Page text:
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 TIME CNN/AllPolitics CNN/AllPolitics with Congressional Quarterly

An unlikely prophet

A vivid but uneven portrait of the founder of the Nation of Islam

By Jack E. White

Time magazine

December 6, 1999
Web posted at: 1:30 p.m. EST (1830 GMT)

Ever since the Nation of Islam was founded in the 1930s, its members have lived by the slogan "Those who say don't know, and those who know don't say." In his new biography of the sect's enigmatic former leader, The Messenger: The Rise and Fall of Elijah Muhammad (Pantheon Books; 667 pages; $29), Karl Evanzz aims to pierce that veil of secrecy but misses the mark.

Drawn largely from files obtained from the FBI through the Freedom of Information Act, The Messenger contains new revelations about the transformation of Elijah Poole, a semiliterate refugee from the Jim Crow South, into the self-styled Messenger of Allah who preached that whites were "blue-eyed devils." It is, as Evanzz writes, a tale "as incredible and multidimensional as that of his most important and loyal disciple, Malcolm Shabazz, better known as Malcolm X."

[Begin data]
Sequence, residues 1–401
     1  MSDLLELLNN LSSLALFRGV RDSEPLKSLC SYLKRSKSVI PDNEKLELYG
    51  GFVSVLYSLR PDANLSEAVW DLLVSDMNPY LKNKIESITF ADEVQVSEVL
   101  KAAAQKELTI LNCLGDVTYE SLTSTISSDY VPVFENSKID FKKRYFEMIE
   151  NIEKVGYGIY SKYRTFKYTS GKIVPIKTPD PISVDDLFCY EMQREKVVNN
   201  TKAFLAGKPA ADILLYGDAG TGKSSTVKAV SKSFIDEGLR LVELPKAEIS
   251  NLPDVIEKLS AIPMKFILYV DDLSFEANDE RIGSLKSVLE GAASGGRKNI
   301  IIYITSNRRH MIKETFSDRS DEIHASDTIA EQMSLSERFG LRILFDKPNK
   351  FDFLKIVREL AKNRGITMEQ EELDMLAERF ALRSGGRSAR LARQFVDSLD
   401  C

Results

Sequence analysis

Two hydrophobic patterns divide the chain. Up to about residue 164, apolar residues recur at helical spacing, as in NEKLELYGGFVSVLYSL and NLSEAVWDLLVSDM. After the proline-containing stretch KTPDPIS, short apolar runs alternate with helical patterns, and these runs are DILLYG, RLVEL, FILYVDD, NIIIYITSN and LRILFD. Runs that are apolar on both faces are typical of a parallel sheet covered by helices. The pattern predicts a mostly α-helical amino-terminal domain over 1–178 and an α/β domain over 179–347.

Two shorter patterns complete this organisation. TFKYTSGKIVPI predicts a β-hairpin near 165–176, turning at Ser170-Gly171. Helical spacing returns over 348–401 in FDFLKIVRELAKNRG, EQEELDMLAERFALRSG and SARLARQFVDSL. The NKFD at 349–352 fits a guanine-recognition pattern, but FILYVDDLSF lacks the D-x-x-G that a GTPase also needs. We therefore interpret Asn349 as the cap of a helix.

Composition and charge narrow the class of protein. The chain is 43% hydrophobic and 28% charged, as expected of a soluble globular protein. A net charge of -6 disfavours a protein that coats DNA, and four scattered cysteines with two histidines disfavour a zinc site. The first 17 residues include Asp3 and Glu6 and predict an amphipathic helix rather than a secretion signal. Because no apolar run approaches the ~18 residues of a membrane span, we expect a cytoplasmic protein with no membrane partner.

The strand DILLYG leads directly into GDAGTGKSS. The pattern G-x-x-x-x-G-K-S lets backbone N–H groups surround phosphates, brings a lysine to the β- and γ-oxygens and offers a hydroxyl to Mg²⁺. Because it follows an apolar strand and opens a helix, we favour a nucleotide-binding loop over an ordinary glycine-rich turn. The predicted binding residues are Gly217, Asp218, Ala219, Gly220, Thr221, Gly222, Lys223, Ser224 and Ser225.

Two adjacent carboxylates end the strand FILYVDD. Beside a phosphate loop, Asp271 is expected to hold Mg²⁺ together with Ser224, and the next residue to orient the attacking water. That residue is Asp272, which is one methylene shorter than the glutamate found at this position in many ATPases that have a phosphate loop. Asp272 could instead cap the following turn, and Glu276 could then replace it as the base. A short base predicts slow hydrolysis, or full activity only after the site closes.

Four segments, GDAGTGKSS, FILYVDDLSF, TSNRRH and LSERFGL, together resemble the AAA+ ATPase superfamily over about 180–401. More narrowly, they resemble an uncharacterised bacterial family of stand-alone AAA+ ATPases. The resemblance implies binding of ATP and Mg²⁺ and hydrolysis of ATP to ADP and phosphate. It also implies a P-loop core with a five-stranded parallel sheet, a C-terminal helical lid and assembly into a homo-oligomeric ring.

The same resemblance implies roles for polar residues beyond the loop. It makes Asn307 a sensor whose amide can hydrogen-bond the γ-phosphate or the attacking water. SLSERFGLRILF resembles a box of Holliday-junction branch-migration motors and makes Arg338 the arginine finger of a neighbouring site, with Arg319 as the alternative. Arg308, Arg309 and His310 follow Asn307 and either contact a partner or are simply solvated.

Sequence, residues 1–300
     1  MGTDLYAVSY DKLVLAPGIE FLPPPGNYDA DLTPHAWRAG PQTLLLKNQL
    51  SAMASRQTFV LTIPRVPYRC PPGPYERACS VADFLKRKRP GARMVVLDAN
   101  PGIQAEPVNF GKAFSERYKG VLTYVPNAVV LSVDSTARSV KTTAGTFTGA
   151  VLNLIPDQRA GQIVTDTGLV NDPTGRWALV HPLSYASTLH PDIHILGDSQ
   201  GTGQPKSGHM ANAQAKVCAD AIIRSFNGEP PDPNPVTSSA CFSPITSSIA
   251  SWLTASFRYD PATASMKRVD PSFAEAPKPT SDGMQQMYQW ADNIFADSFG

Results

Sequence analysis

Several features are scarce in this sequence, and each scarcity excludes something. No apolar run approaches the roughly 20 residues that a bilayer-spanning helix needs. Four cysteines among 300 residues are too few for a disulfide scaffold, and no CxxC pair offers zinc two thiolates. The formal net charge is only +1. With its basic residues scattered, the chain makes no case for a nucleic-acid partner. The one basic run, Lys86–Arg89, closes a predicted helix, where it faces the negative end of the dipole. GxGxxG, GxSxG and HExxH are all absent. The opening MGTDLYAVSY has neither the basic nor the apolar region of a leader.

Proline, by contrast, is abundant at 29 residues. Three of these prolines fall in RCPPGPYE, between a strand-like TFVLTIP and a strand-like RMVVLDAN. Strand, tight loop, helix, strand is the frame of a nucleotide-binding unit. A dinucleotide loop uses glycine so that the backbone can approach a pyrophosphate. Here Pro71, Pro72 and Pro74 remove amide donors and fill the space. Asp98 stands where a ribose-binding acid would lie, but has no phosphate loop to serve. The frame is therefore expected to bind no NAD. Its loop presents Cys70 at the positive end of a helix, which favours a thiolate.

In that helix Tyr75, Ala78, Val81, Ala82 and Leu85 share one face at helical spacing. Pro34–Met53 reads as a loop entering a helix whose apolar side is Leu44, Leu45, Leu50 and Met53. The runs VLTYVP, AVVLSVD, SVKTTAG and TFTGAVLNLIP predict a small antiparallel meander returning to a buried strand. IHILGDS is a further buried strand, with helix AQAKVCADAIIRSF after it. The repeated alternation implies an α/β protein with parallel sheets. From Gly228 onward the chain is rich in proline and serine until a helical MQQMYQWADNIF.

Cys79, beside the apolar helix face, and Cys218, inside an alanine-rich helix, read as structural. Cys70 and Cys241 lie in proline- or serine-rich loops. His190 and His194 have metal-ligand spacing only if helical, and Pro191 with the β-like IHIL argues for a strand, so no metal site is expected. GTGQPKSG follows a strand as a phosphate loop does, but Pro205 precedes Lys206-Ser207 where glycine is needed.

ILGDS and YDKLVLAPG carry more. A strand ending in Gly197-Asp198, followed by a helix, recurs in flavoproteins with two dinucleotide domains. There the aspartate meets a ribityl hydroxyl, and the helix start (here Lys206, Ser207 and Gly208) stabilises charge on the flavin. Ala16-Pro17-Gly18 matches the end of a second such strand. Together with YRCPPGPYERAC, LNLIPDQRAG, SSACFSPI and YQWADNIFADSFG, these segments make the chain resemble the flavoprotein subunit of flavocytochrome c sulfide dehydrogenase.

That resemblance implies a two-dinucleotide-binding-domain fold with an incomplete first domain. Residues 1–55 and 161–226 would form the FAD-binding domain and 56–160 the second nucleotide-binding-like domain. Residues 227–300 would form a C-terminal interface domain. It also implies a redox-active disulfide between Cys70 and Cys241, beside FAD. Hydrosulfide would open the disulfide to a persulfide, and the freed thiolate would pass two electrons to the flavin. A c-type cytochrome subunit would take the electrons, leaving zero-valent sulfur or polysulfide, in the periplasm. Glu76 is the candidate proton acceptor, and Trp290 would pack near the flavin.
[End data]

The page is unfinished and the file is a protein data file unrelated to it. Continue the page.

Or could have been, in the hands of a more skillful writer. Evanzz, an online editor for the Washington Post, has a nose for scoops. He establishes beyond all doubt that Wallace D. Fard, the mysterious silk salesman who convinced Muhammad that he was the embodiment of Allah on earth, was actually a New Zealand-born petty criminal. Evanzz adds fresh--if overblown--detail to the Muslims' pre-World War II entanglement with Satahota Takahashi, a shadowy radical who persuaded Muhammad that with Allah's blessing "the Japanese will slaughter the white man." Evanzz even provides snatches of FBI tapes of Muhammad bickering with his wife Clara over his philandering, which produced 13 out-of-wedlock children by seven different Muslim women.

The Messenger would have benefited from thorough editing. It is littered with clunky metaphors and minor errors, such as Evanzz's assertion that Martin Luther King Jr. was killed with a shotgun, not a high-powered rifle, that undermine its credibility. Those seeking a definitive biography of the Muslim leader should turn to Claude Andrew Clegg III's 1997 study, An Original Man: The Life and Times of Elijah Muhammad, which covers most of the same ground but in a scholarly and far more convincing way.

--By Jack E. White


Cover Date: December 13, 1999

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